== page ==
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Health Services Research & Development

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2012 HSR&D/QUERI National Conference Abstract

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2012 National Meeting

3086 — Beta-Binomial Regression for Bimodal Utilization

Liu CF, Northwest Center for Outcomes Research in Older Adults, VA Puget Sound Healthcare System, Seattle; University of Washington; Burgess JF, Center for Organization, Leadership & Management Research, VA Boston Healthcare System; Boston University; Manning WG, University of Chicago; Maciejewski ML, Center for Health Services Research in Primary Care, Durham VA Medical Center; Duke University Medical Center;

VA outpatient care reliance, defined as the proportion of total (VA+Medicare) visits in VA, has a bimodal distribution that is not appropriately modeled using standard methods. The purpose of this paper is to illustrate the application of rarely used beta-binomial regression in a model of patient choice for primary care and specialty care (from VA or Medicare) in which the outcome is bimodal (i.e., U shape), and to contrast the results from ordinary least squares (OLS), binomial, and beta-binomial regressions.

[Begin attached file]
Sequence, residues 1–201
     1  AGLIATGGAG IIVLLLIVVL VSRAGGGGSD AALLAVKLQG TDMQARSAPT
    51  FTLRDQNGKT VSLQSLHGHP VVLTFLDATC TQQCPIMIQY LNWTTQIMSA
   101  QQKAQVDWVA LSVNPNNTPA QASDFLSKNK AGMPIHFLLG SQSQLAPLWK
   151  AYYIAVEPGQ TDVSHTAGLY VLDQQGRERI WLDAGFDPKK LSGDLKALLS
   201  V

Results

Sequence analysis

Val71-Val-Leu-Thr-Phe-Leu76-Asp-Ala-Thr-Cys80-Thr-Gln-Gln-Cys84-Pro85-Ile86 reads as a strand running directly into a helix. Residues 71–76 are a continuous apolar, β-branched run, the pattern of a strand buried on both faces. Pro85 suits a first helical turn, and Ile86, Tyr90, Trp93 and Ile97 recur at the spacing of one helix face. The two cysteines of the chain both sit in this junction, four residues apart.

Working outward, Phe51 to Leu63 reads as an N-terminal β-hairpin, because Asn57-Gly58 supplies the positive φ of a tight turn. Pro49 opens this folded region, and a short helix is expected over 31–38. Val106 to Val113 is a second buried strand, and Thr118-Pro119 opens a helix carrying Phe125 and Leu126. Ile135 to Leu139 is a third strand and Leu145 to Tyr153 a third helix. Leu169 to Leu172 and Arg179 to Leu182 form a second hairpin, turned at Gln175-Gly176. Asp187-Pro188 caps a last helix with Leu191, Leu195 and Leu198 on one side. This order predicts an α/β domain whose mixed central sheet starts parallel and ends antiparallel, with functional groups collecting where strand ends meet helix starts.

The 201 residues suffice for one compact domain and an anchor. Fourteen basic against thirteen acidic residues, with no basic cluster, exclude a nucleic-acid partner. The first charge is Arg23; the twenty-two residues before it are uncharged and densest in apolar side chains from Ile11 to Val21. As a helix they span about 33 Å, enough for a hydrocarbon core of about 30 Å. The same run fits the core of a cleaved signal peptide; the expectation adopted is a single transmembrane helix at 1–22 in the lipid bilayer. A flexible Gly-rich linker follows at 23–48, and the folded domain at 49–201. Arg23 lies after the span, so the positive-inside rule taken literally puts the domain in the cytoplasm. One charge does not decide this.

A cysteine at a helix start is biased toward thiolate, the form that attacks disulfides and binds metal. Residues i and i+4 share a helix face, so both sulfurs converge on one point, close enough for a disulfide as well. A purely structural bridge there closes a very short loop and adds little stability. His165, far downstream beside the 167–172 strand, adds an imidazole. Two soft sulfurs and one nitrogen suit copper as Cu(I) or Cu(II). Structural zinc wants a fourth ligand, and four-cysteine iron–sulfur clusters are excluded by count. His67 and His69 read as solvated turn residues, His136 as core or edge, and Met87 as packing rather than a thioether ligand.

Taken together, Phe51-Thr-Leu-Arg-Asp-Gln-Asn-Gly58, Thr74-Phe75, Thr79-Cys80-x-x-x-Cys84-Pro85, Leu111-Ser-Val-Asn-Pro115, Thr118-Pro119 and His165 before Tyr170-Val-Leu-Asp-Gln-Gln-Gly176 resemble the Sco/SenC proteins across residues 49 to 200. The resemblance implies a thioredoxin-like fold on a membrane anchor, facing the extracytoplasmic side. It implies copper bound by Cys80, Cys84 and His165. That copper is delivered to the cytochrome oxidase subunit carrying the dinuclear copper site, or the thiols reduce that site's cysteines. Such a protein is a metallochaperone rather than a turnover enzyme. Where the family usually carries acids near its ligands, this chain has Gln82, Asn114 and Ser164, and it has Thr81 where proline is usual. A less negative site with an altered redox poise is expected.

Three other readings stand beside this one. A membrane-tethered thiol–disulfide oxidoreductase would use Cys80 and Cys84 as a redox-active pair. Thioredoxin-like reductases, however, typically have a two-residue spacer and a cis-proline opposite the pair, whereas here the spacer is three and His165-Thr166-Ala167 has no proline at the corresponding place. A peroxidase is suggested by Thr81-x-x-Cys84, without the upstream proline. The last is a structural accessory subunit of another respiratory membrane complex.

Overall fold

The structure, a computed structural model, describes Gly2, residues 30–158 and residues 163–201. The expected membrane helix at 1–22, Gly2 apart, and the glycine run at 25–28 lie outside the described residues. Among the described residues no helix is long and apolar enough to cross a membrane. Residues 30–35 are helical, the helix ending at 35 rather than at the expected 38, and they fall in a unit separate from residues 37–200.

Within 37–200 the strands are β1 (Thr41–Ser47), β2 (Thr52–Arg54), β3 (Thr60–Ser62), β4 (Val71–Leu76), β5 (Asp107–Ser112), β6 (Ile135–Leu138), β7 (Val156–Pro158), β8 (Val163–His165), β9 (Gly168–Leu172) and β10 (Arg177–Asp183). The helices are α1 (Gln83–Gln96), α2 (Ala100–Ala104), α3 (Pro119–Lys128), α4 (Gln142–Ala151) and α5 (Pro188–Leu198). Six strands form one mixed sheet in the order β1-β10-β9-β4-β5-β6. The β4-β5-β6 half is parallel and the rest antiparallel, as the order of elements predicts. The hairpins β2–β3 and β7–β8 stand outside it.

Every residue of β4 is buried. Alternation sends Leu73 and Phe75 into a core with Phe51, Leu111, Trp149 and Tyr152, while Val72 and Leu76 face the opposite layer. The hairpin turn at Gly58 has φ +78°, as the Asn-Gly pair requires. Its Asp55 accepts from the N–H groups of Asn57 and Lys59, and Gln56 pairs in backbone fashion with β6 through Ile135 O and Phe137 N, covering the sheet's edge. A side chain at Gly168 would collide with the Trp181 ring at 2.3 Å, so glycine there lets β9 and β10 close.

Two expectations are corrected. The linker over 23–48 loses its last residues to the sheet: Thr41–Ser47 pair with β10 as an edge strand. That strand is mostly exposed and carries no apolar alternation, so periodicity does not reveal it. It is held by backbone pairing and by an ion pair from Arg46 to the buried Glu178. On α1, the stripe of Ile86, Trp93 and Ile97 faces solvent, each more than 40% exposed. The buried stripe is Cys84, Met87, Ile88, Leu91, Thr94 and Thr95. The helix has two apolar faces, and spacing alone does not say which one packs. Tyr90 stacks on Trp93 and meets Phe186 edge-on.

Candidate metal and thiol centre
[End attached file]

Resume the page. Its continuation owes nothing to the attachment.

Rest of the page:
The sample included 15,520 Medicare-eligible VA primary care users in 2000. VA reliance for primary care or specialty care was constructed from VA administrative and Medicare claims data. We compared residual plots, estimated overall reliance, and distribution of VA reliance for primary care and specialty care across three models: OLS, binomial, and beta-binomial regressions for explaining VA reliance.

The residual plots show that the residuals were not normally distributed for the OLS and binomial models, and mean VA reliance does not reflect the two dominant types of VA reliance for a majority of Medicare-eligible in the two extremes of the distribution. As expected, VA primary care from the OLS model was identical to the unadjusted VA reliance across years (0.73 in 2001; 0.69 in 2002; 0.65 in 2003; 0.64 in 2004), because the OLS model estimated mean. On the other hand, the beta-binomial distribution more closely tracked with the U-shape of the unadjusted distribution than the OLS and binomial regressions. Similar results were observed for reliance on VA specialty care.

The beta-binomial regression is the appropriate model to examine VA reliance with a bimodal distribution.

Increased awareness of beta-binomial regression may help analysts conducting regressions on outcomes with bimodal distributions (like VA reliance) avoid misleading results through the use of appropriate methods.

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